Most of my university life consisted of repeat runs of Neighbours on repeat, reading weeks and never-ending fancy dress parties in between afternoon lectures and intensive study sessions at the library.
I was also lucky enough to go when the fees weren’t as high as they are now, so I wasn't left with the kind of debt current students will end up with.
One way to reduce this debt is to take advantage of the world of deals, discounts and freebies which opens up to you when you become a student.
1. Discounts and deals
Student discounts are available in most shops, restaurants and bars and are a good way to cut down costs.
Websites like Studentbeans.com list the best weekly deals and are a good resource for stocking up on freebies.
At the moment top offers include 25% off tickets to London Zoo, 10% off at Cineworld and 30% off at Giraffe and GBK.
2. Rail travel
Train travel is expensive but students can save money in several ways. Firstly, as most courses aren’t full time during the week, it’s possible to travel during non-peak hours which will always be cheaper.
A 16-25 railcard, which costs £30 a year, will also slice one third off your train travel, and this one isn’t just for students either.
Choosing to go via bus is also cheaper. If you opt for the MegaBus, for example, in the week a journey can be as little as £2 return. Take a look at Why it's always cheaper to get the Megabus for more.
3. Council Tax exemption
The average Council Tax bill per household in the past year was £1,444, but full-time students are exempt from paying it.
If you receive a bill you can apply for an exemption through your local council office and this should be wiped out.
4. Student bank accounts
The banks will be falling over each other to pull in new customers and most accounts come with a host of different offers.
Barclays Student Additions, for example, has a 10% discount on student possessions insurance for three months. The Bank of Scotland student account includes a free NUS Extra card and a £75 voucher towards a holiday with STA Travel while Santander is giving away a free 16-25 Railcard.
However, despite the offers, the most important factor to look at will be the interest rate charged and any overdraft or monthly fees.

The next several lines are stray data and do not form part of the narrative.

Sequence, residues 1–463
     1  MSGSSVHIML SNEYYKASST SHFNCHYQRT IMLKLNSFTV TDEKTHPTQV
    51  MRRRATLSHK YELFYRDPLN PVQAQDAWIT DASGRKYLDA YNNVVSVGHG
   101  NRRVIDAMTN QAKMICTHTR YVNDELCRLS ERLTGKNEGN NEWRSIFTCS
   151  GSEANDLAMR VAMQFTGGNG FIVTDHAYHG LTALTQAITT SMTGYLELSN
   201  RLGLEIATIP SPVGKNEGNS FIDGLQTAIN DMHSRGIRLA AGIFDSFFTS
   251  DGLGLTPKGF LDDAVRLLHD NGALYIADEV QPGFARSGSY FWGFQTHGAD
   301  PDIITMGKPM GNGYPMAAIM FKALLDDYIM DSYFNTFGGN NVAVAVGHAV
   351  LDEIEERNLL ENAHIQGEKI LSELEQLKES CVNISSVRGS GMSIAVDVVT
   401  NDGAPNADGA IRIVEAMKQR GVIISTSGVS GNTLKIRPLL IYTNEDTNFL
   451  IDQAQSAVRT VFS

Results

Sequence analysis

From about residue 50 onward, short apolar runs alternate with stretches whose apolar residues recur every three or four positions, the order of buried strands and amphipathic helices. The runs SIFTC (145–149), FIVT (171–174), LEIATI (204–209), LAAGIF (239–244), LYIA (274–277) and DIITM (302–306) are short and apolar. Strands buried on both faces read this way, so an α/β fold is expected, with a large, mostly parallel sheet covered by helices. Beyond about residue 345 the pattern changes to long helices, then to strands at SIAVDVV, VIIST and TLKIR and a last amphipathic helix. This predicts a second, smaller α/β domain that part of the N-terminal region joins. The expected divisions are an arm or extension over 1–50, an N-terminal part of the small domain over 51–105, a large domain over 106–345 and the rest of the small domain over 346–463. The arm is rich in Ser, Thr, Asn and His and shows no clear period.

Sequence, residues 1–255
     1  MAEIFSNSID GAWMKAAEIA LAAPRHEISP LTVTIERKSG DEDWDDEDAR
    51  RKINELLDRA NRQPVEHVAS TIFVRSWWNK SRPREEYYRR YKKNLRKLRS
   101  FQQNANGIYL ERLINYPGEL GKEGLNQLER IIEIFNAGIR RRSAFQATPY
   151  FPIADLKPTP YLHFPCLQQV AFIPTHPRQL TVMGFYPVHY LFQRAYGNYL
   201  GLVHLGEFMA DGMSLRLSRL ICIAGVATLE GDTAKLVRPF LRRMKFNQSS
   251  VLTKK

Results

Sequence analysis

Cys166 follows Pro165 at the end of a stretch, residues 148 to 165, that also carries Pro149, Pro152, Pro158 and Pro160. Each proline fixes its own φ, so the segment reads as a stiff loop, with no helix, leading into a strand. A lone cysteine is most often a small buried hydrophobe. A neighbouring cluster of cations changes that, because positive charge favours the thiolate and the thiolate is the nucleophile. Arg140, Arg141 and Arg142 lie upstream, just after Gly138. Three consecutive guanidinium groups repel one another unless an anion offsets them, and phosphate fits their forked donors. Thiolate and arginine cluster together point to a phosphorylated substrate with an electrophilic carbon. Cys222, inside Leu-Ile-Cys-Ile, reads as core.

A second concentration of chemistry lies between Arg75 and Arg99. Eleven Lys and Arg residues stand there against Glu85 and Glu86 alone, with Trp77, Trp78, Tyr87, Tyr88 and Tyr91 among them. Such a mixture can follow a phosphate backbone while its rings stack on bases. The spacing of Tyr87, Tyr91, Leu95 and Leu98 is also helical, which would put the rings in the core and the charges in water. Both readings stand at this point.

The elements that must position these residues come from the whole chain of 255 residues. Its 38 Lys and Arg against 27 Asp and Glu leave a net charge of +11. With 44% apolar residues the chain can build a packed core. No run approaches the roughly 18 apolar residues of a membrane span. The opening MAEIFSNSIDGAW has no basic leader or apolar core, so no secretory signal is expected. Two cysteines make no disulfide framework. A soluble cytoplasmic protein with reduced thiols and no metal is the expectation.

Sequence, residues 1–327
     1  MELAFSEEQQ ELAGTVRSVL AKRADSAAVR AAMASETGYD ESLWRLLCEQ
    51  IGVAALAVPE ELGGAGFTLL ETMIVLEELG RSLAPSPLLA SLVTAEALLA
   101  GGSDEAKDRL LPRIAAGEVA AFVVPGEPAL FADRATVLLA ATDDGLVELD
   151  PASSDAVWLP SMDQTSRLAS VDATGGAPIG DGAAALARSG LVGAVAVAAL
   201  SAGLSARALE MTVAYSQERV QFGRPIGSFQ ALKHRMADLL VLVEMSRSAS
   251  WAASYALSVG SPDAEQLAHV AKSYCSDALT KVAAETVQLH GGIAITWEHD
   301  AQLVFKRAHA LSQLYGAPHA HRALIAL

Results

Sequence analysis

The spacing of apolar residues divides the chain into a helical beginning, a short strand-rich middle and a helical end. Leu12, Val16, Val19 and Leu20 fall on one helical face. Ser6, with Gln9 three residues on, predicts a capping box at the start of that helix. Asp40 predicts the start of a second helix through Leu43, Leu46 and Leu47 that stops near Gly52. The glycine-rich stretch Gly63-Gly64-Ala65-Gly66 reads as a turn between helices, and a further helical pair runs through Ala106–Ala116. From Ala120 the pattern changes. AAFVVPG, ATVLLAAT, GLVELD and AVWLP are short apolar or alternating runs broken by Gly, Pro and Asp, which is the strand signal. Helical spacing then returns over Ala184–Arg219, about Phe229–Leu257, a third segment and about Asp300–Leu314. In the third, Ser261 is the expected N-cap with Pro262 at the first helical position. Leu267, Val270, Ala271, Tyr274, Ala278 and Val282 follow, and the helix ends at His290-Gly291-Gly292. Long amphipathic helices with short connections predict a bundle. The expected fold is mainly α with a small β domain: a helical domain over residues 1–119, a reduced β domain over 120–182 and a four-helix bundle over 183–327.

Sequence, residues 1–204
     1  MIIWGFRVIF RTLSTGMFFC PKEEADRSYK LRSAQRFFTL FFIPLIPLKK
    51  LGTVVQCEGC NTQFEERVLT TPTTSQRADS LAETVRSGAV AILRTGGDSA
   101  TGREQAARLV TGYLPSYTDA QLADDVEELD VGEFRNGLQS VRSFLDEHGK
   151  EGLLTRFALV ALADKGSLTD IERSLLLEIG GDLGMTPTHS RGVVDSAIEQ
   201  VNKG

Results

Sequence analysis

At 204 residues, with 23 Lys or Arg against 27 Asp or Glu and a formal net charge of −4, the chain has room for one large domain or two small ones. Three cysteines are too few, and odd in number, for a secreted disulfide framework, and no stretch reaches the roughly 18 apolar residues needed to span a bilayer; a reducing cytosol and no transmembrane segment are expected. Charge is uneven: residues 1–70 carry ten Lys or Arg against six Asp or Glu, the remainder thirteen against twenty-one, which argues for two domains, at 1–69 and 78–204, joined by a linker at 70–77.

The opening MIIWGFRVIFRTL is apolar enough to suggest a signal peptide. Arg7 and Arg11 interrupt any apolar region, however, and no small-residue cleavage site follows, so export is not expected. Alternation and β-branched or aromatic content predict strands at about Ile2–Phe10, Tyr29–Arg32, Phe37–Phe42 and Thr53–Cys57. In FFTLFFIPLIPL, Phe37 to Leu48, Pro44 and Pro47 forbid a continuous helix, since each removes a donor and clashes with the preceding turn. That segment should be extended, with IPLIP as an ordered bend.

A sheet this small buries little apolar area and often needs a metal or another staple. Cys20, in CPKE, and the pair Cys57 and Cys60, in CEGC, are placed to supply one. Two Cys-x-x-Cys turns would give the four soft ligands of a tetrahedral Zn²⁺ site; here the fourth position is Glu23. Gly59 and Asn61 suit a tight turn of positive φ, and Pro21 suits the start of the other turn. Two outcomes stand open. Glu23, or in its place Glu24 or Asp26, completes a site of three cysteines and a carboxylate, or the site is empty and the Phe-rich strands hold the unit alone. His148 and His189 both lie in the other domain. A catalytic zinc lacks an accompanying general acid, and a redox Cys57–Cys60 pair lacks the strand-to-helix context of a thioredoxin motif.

5. Overseas travel
Many university courses will offer transfer places at universities around the world. During my degree, for example, I had the chance to live and study in north America for a year. This is something which becomes much harder after graduation, mainly because of the costs involved.
Programmes like Erasmus help students study in Europe for a term and grants are available from the British Council to help with funding. You don’t pay any tuition fees for the university you’re visiting and depending where you go living costs may be cheaper than in the UK.
[SPOTLIGHT]If you’re away for an entire year it might also be possible to apply for a tuition fee waiver so you won’t pay any fees to your home university either.
6. Work experience
Choosing a career can be a daunting experience and very few people know exactly what they want to do by the time they become a student.
Work experience is a great way to try out a few different jobs and decide what you’re good at and what you enjoy. It’s also a really good way of making contacts should any jobs arise once you have graduated.
The problem for most people is they can’t afford to take time off to spend on unpaid placements. While you’re a student it’s the perfect time to do this and it can really help in lining up a job once you’ve left university.
You can find out more in our article Your rights in an unpaid internship.
7. Grants and loans
Going to university is not cheap; fees currently stand at as much as £9,000 per year. However, these aren't payable up front any more, but are paid back once the student has graduated and is earning at least £21,000.
There's still living costs to thing about though. That's where the student loan comes in, while grants may also be available. Each year you can apply for these through Student Finance England.
8. Student insurance
When setting off for university, many students are laden with all sorts of gadgets. And it's important to make sure this stuff is properly insured.
Burglars will prey on students, especially those in their first year away from home, but a policy doesn't have to blow your budget. It’s possible to get specialised cheap insurance, which can either be through a standalone policy – which will cost less than a standard policy for a non-student – or though an existing policy.
If the student’s main residency is another home, such as their parents, then the belongings should be already covered on their insurance.
Our article How should students insure their possessions? has more details.
9. University jobs
There are often vacancies to work for your university as a student ambassador. This can be mean anything from handing out flyers and attending conferences to helping new students move into their halls.
The jobs are well paid and you can normally pick and choose how much time it takes up depending on your work load.
10. Free time
Most university courses won’t be 9-5, Monday to Friday, and therefore students will have quite a bit of spare time.
Instead of watching reruns of American TV shows this is a good chance to get involved in something new or learn a skill. University teams exist for almost anything from tennis, singing and cookery to languages, travel and swimming.
Given that these kind of classes cost around £8 an hour when you’re not a student, it’s worth signing up, upping your skills base and meeting some new friends. That way you can learn a new talent and try your hand at something completely different for free which could help towards your CV.